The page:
“We thank Mayor Breed for her leadership during this difficult time and want to do our part to support her and the broader community,” said Janan New, Executive Director, San Francisco Apartment Association. “In this time of need, let’s all reach out to our neighbors and care for one another.”
“I applaud Mayor Breed’s protection of tenants impacted by this crisis,” said Randy Shaw, Executive Director, Tenderloin Housing Clinic. “Nobody should lose their home due to the pandemic.”
“As legal services providers working on the front lines to keep vulnerable populations housed, we are especially concerned for our clients, many of whom are especially at risk in the pandemic, like seniors and persons with disabilities,” said Bill Hirsh, Executive Director of AIDS Legal Referral Panel. “We support the Mayor’s efforts to protect the health of tenants and the service providers who are working to assist them.”
“Legal Assistance to the Elderly applauds the Mayor’s actions to stop evictions in San Francisco during this public health emergency,” said Laura Chiera, Executive Director of Legal Assistance to the Elderly. “All of LAE’s clients fall into a high-risk group. We have been extremely worried for their health and safety during this time when is difficult to access resources and support. We believe that this eviction moratorium is a critical lifesaving action.”
Recommendations from the San Francisco Department of Public Health can be found at www.sfdph.org/dph/alerts/coronavirus.asp along with up-to-date on coronavirus news and information. You can also call 311 and sign up for the City’s alert service for official updates: text COVID19SF to 888-777.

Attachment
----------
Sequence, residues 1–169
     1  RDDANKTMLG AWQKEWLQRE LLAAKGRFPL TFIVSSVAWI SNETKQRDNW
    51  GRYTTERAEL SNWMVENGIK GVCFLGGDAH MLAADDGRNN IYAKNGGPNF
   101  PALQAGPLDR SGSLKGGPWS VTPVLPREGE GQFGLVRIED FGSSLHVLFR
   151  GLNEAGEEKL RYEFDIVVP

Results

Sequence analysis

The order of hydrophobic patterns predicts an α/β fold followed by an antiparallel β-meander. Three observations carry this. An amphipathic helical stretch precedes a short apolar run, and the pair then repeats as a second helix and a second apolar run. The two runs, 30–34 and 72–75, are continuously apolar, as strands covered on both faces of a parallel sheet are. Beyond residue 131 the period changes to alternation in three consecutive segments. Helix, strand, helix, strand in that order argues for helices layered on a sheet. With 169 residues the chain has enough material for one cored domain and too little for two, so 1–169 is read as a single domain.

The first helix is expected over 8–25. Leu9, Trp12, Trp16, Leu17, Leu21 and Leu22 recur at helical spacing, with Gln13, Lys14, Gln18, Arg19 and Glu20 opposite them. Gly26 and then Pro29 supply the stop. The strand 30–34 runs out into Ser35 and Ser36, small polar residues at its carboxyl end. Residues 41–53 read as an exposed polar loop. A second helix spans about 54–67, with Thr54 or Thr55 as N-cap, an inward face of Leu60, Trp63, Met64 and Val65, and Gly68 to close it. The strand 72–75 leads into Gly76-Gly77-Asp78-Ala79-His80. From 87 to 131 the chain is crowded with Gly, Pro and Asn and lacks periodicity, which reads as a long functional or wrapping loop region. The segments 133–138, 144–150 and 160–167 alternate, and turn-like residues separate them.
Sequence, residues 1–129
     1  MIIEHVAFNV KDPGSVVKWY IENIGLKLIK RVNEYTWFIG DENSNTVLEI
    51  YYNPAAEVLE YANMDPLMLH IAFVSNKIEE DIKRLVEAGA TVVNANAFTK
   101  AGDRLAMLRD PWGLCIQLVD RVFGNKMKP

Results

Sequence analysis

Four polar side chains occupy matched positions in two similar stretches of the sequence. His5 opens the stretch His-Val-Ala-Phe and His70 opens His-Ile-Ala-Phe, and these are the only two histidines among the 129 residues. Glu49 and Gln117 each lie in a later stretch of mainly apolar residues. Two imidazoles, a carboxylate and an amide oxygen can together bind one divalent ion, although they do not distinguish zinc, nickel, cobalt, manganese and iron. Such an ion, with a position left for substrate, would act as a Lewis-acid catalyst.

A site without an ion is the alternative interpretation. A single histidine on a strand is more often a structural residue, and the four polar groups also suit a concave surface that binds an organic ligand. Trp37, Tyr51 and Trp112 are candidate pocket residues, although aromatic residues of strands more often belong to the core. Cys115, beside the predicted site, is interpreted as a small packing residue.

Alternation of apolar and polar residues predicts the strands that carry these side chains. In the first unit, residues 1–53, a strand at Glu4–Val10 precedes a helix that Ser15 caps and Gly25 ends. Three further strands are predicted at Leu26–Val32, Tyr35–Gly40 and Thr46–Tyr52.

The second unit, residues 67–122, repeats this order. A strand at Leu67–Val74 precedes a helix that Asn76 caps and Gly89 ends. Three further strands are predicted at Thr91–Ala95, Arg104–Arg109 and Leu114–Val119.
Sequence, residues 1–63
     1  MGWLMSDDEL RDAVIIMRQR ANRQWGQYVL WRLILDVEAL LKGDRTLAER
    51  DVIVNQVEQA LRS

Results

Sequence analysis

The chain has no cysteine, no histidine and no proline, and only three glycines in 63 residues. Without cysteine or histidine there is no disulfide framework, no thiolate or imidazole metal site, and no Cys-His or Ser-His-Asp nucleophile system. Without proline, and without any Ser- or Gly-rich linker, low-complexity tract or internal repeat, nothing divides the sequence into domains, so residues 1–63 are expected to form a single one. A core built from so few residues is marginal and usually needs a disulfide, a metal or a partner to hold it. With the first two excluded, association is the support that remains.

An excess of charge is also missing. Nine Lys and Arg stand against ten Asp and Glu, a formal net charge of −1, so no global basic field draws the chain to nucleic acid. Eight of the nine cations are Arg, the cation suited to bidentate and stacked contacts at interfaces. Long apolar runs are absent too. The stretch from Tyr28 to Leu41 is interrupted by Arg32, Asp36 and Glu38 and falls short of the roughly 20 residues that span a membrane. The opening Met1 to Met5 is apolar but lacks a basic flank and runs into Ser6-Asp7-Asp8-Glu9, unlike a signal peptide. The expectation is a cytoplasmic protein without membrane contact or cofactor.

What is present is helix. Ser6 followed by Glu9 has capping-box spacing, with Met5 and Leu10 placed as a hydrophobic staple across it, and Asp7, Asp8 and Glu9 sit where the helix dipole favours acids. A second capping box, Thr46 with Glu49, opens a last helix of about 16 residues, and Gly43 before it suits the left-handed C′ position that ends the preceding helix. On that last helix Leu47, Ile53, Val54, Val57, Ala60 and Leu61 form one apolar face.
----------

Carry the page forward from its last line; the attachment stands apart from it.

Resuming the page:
Remember, these are the best ways for all San Franciscans to reduce their risk of getting sick, and preventing COVID-19:
- Wash hands with soap and water for at least 20 seconds.
- Cover your cough or sneeze.
- Stay home if you are sick.
- Avoid touching your face.
- Try alternatives to shaking hands, like a wave.
- If you have recently returned from a country, state or region with ongoing COVID-19 infections, monitor your health and follow the instructions of public health officials.
- There is no recommendation to wear masks at this time to prevent yourself from getting sick.
You can also prepare for the possible disruption caused by an outbreak:
- Prepare to work from home if that is possible for your job, and your employer.
- Make sure you have a supply of all essential medications for your family.
- Prepare a child care plan if you or a caregiver are sick.
- Make arrangements about how your family will manage school closures.
- Plan for how you can care for a sick family member without getting sick yourself.
- Take care of each other and check in by phone with friends, family and neighbors that are vulnerable to serious illness or death if they get COVID-19.
- Keep common spaces clean to help maintain a healthy environment for you and others. Frequently touched surfaces should be cleaned regularly with disinfecting sprays, wipes or common household cleaning products.